not seen one American flag on a merchant ship, and perhaps won't see one
until we get back, unless it might be on a Pacific Mail boat.
have been very hard in Japan, but they all report a slight improvement.
So the bottom has been reached and it is quite likely that business will
revive all over the world.
home, since Mr. Taft and a Republican House and Senate are elected, our
people will have more confidence and no doubt the revival will be faster
in our country than in most others.
harbor is the same as when here last. There is lots of room in the bay,
but when a storm comes up no work can be done. Shipping is scarce, not
more, than half the usual number. I noticed they were nearly all large
steamers, not many small ones. Evidently the hard times had squeezed the
small ones out.
transportation facilities afforded us were of the best. A special train
was provided for us on all occasions with a dining car attached, and all
meals were furnished free of charge, liquors and wines also being
furnished. I am very pleased to report that I never saw so little wines
and liquor used on any trip of this k id, seeing it was furnished free,
and they were very much surprised that practically none was used. The
street car companies always provided special cars whenever they knew a
few of us were going anywhere.
left Kobe on the "Kosai Main," Nippon Yusen Kaisha boat, for Shanghai
via Moji and Nagasaki, November 7, 1908.
party wound up the trip by attending the Emperor's birthday party. The
review of twenty-five thousand troops was a great sight to see. So ended
a visit, the like of which, I am quite safe in saying, no foreign party
ever received from any nation before.
Dollar and I left the party and proceeded to Shanghai, where we remained
two weeks attending to business. Our offices at this time were at the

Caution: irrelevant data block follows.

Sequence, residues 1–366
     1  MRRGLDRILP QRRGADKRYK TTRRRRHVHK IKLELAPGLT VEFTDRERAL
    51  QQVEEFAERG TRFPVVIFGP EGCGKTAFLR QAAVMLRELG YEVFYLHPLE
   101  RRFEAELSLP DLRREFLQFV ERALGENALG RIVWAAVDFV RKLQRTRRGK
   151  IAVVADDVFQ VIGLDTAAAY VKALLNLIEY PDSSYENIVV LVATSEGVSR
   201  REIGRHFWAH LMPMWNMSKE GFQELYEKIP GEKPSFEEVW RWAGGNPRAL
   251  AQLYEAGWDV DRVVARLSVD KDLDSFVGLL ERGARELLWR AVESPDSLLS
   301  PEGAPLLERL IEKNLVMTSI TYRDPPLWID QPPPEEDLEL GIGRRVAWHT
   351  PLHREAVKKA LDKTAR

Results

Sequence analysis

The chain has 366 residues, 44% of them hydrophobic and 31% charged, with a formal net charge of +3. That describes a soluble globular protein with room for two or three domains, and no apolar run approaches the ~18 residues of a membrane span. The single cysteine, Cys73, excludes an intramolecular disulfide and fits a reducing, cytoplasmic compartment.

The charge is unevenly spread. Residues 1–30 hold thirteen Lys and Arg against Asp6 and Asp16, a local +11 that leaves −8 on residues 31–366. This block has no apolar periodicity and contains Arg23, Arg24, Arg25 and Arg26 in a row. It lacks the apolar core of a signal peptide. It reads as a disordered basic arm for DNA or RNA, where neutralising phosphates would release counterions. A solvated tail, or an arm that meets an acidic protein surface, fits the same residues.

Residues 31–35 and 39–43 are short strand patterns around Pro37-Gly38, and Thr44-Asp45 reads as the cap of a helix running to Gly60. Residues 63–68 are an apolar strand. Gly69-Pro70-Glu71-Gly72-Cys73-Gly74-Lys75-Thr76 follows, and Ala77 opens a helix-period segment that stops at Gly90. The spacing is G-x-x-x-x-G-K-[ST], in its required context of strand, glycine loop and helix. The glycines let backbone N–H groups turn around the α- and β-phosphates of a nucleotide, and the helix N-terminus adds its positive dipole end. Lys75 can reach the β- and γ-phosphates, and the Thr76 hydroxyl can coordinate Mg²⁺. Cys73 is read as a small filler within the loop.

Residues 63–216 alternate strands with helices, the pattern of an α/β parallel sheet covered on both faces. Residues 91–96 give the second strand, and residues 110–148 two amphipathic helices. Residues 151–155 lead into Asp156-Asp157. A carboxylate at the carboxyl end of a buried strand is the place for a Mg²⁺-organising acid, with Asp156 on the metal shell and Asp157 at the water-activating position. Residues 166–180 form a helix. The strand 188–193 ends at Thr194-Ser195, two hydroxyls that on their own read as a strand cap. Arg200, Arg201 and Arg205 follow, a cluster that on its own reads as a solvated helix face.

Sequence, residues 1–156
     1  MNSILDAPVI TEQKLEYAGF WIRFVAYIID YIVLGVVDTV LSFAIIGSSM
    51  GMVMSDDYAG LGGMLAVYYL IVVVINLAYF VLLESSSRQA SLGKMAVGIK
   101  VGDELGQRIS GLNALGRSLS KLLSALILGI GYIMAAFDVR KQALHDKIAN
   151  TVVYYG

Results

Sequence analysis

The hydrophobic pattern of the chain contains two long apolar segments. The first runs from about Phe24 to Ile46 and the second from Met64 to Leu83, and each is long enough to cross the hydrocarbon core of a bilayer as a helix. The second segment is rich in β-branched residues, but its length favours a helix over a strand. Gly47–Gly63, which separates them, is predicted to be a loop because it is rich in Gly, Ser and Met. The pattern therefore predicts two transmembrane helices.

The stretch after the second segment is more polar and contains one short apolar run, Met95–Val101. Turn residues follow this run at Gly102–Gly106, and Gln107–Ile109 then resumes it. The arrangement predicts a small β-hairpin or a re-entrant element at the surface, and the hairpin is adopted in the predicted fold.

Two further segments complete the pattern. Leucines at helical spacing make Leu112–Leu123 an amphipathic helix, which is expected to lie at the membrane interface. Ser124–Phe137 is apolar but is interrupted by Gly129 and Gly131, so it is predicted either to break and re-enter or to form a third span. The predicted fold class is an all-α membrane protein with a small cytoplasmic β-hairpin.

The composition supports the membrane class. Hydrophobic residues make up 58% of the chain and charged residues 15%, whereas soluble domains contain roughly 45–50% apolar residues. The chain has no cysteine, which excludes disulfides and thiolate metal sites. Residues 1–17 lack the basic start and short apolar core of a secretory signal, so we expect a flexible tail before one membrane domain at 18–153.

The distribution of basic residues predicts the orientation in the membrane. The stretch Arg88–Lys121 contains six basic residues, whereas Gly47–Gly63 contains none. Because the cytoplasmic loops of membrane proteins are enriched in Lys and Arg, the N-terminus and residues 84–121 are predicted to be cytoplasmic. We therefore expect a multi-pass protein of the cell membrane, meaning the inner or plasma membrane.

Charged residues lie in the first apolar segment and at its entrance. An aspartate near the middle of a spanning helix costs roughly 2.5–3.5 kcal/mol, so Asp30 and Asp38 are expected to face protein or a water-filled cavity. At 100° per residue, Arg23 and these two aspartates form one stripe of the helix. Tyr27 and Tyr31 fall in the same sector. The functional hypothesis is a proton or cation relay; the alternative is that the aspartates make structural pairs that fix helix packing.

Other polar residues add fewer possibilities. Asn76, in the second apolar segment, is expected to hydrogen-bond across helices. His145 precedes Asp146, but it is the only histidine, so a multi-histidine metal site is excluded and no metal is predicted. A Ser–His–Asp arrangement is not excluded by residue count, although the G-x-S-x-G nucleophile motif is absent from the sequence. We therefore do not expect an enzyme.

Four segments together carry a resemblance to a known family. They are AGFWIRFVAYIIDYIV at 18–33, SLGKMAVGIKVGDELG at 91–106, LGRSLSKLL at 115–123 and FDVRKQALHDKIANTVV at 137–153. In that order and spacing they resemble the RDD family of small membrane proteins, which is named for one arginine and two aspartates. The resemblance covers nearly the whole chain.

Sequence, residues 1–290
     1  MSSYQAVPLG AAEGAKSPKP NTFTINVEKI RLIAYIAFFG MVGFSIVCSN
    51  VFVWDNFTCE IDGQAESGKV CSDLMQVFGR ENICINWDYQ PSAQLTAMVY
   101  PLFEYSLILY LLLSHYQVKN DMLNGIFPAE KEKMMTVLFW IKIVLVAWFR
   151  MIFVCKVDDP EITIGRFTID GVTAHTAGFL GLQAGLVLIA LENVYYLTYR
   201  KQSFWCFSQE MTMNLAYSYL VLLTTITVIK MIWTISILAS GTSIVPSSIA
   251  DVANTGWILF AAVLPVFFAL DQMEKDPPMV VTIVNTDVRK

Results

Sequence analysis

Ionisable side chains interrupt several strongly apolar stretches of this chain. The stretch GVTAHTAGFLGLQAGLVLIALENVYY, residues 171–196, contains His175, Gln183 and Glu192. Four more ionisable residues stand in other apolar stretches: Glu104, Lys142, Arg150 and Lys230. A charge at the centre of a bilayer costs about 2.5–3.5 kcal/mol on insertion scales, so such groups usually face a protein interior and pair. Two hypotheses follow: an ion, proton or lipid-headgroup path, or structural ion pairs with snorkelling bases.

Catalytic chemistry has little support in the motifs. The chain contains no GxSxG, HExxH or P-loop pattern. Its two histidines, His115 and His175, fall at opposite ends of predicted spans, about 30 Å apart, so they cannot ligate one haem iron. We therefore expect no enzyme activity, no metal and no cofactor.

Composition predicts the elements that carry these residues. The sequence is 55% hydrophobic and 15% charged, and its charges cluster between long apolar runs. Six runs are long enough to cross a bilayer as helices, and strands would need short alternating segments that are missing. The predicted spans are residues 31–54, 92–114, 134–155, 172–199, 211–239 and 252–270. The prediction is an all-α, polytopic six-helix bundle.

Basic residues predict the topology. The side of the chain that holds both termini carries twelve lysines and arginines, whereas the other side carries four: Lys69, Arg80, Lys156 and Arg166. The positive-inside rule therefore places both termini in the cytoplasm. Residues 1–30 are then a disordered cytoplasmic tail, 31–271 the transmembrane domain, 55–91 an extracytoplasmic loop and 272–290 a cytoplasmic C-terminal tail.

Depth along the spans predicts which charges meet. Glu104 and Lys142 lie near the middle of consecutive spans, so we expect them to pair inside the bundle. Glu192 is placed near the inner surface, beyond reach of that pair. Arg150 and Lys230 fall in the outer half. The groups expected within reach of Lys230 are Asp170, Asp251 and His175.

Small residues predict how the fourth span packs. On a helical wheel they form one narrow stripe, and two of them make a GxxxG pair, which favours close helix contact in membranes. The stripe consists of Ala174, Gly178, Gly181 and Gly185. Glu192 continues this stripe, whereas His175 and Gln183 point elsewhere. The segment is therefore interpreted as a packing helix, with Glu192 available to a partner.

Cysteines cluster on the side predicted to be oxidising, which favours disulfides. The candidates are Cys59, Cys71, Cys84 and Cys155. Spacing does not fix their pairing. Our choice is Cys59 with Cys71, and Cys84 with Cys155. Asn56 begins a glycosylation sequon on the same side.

corner of Sezcbuen and Nanking Roads.
invited to attend a meeting of the Chinese Chamber of Commerce and
explain to them about our visit to Japan. I told them of the great
benefit it had been to both the Japanese nation and the United States. I
stated that when I returned to America I would see whether it would not
be possible to get up a party to visit China along the same lines on
which we had visited Japan.
then proceeded to Hong Kong and remained there a week. This was a very
busy week as I had a great deal to attend to. From there we sailed on
the "Yawato Maru" for Sydney, Australia. We had a very rough passage
across the China Sea and the ship sustained some damage so we were
delayed a few days in Manila for repairs.
looked over the situation here and found many changes had taken place
since I last visited it seven years ago. At that time the Government
became possessed with the insane idea that the higher the tax they could
impose on shipping, the better. This seems remarkable, since the port of
Hong Kong, their next neighbor, admitted shipping free. The result was
that vessels went to Hong Kong and gave Manna the go-by, causing the
Manila merchants to pay double the freight Hong Kong had to pay. But
shortly before tins visit the authorities had gotten their eyes open and
had reduced there charges almost to their competitor's level, the result
being the reduction of freights, and vessels now go freely to Manila
Another serious drawback was the very slow discharge. A vessel took more
than twice as long and the cost is double to discharge at Manila
compared to any Chinese port All this is changed now. Though it costs
more to stevedore, the dispatch if much better than it was, and Manila
now begins to compare more favorably with her competitors. Furthermore,
I found a desire 011 the part of the Government as well as the merchants
to encourage shipowners to send their ships there, The Government
discovered that shipowners did not have to go to ports unless they would
be assured of the same treatment they received elsewhere. The result of
all this change has been a tremendous increase in the commerce of the
change impressed me so favorably that I decided to look into the
Philippine trade, as Mr. Taft practically told me on his arrival to be
Governor, that American shipowners were not wanted. He had the foolish
idea that the poor Filipinos would be able to furnish all the ships they
wanted, although they neither had the experience, money nor get-up (All
this has been fully demonstrated of late years. Where we are not wanted
is a great place to keep away from, which I did from the Philippines for
seven years, but now we are back and doing a very satisfactory business.